3 min readDec 30, 2021

Continuing Series on Story Structure

Pink rose on a child’s swing

NOTE: This is part of a series on story structure. I will be collecting them all up and putting them into a book once I’m finished, as part of my Business for Breakfast series.

Last but not least, there’s the classic story plot of tragedy. I also found it appropriate to publish this article as the last of my articles for 2021.

I’m going to be using a more modern definition of tragedy. Does the main character die in the end? Or, if they live, are they significantly worse off than when the story started, perhaps better off dead? Also, is the cause of their downfall somehow irrevocably tied up with flaws in the main character themselves or decisions they make?

If you can answer yes to these questions, then what you’re writing is a tragedy. If things just happen to the main character, that really aren’t their fault, it becomes a sad story, not a tragedy.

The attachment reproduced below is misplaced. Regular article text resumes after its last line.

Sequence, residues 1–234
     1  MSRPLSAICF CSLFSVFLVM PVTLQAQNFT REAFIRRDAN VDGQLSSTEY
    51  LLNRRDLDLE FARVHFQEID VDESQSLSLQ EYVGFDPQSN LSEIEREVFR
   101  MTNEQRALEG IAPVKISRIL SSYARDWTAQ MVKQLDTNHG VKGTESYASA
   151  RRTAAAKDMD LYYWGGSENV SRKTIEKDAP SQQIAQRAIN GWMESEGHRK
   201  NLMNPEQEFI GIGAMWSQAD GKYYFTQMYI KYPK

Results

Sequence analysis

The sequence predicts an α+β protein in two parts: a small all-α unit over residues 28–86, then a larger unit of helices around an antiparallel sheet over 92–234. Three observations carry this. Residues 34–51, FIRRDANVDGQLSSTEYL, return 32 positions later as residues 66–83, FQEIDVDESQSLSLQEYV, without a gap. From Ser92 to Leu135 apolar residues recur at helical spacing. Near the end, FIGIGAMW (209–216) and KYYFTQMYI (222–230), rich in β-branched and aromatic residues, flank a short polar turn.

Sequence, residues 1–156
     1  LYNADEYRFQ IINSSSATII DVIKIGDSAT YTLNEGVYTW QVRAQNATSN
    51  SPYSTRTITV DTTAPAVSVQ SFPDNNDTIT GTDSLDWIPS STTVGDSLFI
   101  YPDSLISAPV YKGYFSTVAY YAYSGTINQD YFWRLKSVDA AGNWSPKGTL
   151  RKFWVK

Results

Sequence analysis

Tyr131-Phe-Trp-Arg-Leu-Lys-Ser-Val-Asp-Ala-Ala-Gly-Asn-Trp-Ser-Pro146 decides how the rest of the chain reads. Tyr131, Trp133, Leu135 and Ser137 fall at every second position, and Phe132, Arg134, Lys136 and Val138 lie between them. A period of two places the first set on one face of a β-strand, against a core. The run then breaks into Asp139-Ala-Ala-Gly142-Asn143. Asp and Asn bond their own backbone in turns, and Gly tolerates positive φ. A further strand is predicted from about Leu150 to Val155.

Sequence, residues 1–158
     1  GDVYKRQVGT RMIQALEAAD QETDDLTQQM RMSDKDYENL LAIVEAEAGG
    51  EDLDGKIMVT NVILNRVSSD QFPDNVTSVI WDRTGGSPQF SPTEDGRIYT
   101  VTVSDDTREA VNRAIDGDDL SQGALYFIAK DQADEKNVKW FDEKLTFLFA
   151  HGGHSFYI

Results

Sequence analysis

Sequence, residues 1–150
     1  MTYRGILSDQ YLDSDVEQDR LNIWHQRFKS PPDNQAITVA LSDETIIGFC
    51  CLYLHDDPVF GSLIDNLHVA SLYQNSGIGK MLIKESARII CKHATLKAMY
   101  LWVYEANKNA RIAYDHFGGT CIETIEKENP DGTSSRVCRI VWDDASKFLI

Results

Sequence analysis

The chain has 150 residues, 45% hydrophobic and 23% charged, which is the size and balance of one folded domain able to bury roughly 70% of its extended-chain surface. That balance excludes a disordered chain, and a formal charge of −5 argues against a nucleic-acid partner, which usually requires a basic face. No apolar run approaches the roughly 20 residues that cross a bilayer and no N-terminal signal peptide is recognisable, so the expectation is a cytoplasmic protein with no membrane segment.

Classical tragedies generally involved royalty or gentry. Today, tragedies are usually written about the common man, struggling to make good. In classical tragedies, the main character was usually a good person. In modern tragedies, the main character could be good, morally ambiguous, or even tainted with evil.

Tragedies have a different story structure, inverted compared to a lot of the other structures. Normally, the…




Leah Cutter sold her first short story back in 1997, and continues to write and sell both her fiction and non-fiction. She supports herself with her writing.